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UDR Current Ratio

: 0.57 (As of Jun. 2021)
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The current ratio is a liquidity ratio that measures a company's ability to pay short-term obligations. It is calculated as a company's Total Current Assets divides by its Total Current Liabilities. UDR's current ratio for the quarter that ended in Jun. 2021 was 0.57.

UDR has a current ratio of 0.57. It indicates that the company may have difficulty meeting its current obligations. Low values, however, do not indicate a critical problem. If UDR has good long-term prospects, it may be able to borrow against those prospects to meet current obligations.

NYSE:UDR' s Current Ratio Range Over the Past 10 Years
Min: 0.01   Med: 0.47   Max: 2.72
Current: 1.47

0.01
2.72

During the past 13 years, UDR's highest Current Ratio was 2.72. The lowest was 0.01. And the median was 0.47.

NYSE:UDR's Current Ratio is ranked higher than
61% of the 685 Companies
in the REITs industry.

( Industry Median: 1.16 vs. NYSE:UDR: 1.47 )

UDR Current Ratio Historical Data

* For Operating Data section: All numbers are indicated by the unit behind each term and all currency related amount are in USD.
* For other sections: All numbers are in millions except for per share data, ratio, and percentage. All currency related amount are indicated in the company's associated stock exchange currency.

* Premium members only.

UDR Annual Data
Trend Dec11 Dec12 Dec13 Dec14 Dec15 Dec16 Dec17 Dec18 Dec19 Dec20
Current Ratio
Premium Member Only Premium Member Only Premium Member Only Premium Member Only Premium Member Only 1.48 1.11 0.75 0.32 0.35

UDR Quarterly Data
Sep16 Dec16 Mar17 Jun17 Sep17 Dec17 Mar18 Jun18 Sep18 Dec18 Mar19 Jun19 Sep19 Dec19 Mar20 Jun20 Sep20 Dec20 Mar21 Jun21
Current Ratio Premium Member Only Premium Member Only Premium Member Only Premium Member Only Premium Member Only Premium Member Only Premium Member Only Premium Member Only Premium Member Only Premium Member Only Premium Member Only Premium Member Only Premium Member Only Premium Member Only Premium Member Only 0.61 0.69 0.35 0.86 0.57

Competitive Comparison
* Competitive companies are chosen from companies within the same industry, with headquarter located in same country, with closest market capitalization; x-axis shows the market cap, and y-axis shows the term value; the bigger the dot, the larger the market cap. Note that "N/A" values will not show up in the chart.
   

UDR Current Ratio Distribution

* The bar in red indicates where UDR's Current Ratio falls into.



UDR Current Ratio Calculation

The current ratio is mainly used to give an idea of the company's ability to pay back its short-term liabilities with its short-term assets.

UDR's Current Ratio for the fiscal year that ended in Dec. 2020

Current Ratio (A: Dec. 2020 )=Total Current Assets (A: Dec. 2020 )/Total Current Liabilities (A: Dec. 2020 )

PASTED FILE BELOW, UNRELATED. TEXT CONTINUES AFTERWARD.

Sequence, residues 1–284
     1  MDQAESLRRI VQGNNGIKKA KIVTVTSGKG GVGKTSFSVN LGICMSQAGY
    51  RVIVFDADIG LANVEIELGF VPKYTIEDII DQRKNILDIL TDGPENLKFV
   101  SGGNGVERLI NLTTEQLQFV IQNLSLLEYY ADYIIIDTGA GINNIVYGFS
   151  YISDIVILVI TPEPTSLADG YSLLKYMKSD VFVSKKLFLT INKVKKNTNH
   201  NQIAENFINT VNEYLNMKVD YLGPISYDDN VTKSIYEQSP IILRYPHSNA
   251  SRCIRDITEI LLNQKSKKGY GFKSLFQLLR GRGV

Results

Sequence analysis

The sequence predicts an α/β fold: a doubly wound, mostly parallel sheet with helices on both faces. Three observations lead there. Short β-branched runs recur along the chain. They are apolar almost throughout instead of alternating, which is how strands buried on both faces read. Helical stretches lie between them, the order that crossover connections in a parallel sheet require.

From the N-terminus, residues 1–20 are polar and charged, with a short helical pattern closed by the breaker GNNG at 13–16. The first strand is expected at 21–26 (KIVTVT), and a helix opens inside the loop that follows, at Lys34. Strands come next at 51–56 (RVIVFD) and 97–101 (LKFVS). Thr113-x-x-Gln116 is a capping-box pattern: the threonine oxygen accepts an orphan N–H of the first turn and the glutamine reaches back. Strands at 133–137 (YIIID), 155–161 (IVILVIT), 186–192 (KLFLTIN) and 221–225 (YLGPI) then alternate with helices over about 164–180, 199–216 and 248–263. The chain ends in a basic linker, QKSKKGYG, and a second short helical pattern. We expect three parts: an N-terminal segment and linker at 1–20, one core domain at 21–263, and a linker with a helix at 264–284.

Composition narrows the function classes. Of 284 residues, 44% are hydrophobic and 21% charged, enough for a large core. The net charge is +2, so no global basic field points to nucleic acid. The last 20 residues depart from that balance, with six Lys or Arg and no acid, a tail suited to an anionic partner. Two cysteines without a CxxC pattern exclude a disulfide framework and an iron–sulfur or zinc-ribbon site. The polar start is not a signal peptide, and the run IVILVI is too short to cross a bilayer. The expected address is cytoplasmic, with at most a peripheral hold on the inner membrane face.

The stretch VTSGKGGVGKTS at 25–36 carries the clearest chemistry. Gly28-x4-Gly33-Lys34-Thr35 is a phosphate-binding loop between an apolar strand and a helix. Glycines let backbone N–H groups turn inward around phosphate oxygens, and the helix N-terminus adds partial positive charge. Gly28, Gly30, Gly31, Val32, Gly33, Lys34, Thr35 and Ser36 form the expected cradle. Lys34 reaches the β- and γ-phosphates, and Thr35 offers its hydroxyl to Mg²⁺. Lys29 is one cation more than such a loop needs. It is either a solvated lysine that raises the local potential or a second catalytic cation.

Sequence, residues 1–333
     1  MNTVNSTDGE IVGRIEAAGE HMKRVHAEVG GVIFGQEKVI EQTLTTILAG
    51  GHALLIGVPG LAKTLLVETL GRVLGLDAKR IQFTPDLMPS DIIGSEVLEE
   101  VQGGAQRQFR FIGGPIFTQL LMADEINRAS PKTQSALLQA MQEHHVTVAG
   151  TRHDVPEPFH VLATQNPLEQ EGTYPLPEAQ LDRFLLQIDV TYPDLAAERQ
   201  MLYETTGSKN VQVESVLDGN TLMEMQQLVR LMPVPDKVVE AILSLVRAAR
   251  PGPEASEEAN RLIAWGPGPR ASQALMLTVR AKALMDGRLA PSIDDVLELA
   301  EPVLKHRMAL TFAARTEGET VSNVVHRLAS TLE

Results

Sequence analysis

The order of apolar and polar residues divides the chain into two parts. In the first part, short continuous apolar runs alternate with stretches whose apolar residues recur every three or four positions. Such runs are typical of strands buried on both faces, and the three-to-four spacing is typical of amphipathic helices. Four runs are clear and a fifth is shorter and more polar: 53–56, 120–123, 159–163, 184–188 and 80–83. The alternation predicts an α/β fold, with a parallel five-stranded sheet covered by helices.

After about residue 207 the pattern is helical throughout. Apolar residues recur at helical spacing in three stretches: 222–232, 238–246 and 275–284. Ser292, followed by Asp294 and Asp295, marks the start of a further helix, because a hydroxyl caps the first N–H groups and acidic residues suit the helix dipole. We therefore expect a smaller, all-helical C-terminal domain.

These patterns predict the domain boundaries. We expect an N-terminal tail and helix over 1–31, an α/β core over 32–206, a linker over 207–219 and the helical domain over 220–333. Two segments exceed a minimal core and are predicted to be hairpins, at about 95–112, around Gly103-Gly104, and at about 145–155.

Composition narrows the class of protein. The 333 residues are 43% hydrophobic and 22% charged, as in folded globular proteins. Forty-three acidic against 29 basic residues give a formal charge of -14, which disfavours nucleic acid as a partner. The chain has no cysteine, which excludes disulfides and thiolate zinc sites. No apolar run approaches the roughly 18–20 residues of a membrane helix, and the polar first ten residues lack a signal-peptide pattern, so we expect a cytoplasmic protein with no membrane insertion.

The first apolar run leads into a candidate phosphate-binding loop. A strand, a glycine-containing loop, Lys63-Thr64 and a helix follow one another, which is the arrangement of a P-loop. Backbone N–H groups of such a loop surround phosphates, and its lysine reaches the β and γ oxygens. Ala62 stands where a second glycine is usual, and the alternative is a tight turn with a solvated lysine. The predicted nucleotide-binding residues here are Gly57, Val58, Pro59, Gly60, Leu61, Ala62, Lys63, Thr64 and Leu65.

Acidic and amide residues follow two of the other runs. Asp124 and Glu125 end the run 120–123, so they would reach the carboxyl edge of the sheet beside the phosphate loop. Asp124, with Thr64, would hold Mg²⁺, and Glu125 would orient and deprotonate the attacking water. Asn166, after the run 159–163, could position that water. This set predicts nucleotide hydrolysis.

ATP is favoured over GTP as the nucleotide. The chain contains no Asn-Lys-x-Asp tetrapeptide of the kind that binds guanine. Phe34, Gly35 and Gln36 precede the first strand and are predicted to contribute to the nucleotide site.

=182.163/519.524
=0.35

UDR's Current Ratio for the quarter that ended in Jun. 2021 is calculated as

Current Ratio (Q: Jun. 2021 )=Total Current Assets (Q: Jun. 2021 )/Total Current Liabilities (Q: Jun. 2021 )
=461.66/811.093
=0.57

* For Operating Data section: All numbers are indicated by the unit behind each term and all currency related amount are in USD.
* For other sections: All numbers are in millions except for per share data, ratio, and percentage. All currency related amount are indicated in the company's associated stock exchange currency.


UDR  (NYSE:UDR) Current Ratio Explanation

The current ratio can give a sense of the efficiency of a company's operating cycle or its ability to turn its product into cash. Companies that have trouble getting paid on their receivables or have long inventory turnover can run into liquidity problems because they are unable to alleviate their obligations. Because business operations differ in each industry, it is always more useful to compare companies within the same industry.

Acceptable current ratios vary from industry to industry and are generally between 1 and 3 for healthy businesses.

The higher the current ratio, the more capable the company is of paying its obligations. A ratio under 1 suggests that the company would be unable to pay off its obligations if they came due at that point. While this shows the company is not in good financial health, it does not necessarily mean that it will go bankrupt - as there are many ways to access financing - but it is definitely not a good sign.

If all other things were equal, a creditor, who is expecting to be paid in the next 12 months, would consider a high current ratio to be better than a low current ratio, because a high current ratio means that the company is more likely to meet its liabilities which fall due in the next 12 months.


UDR Current Ratio Related Terms


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